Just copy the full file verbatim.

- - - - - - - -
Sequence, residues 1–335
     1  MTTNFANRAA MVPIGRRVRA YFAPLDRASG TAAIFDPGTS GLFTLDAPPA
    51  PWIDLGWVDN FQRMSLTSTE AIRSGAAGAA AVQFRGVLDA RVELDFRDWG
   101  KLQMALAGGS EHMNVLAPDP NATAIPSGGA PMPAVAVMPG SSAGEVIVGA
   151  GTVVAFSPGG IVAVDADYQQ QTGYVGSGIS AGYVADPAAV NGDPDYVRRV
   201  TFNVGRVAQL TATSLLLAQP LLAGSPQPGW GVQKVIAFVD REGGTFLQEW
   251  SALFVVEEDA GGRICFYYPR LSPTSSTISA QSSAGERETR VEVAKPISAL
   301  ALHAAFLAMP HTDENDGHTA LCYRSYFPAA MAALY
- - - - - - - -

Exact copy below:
Sequence, residues 1–335
     1  MTTNFANRAA MVPIGRRVRA YFAPLDRASG TAAIFDPGTS GLFTLDAPPA
    51  PWIDLGWVDN FQRMSLTSTE AIRSGAAGAA AVQFRGVLDA RVELDFRDWG
   101  KLQMALAGGS EHMNVLAPDP NATAIPSGGA PMPAVAVMPG SSAGEVIVGA
   151  GTVVAFSPGG IVAVDADYQQ QTGYVGSGIS AGYVADPAAV NGDPDYVRRV
   201  TFNVGRVAQL TATSLLLAQP LLAGSPQPGW GVQKVIAFVD REGGTFLQEW
   251  SALFVVEEDA GGRICFYYPR LSPTSSTISA QSSAGERETR VEVAKPISAL
   301  ALHAAFLAMP HTDENDGHTA LCYRSYFPAA MAALY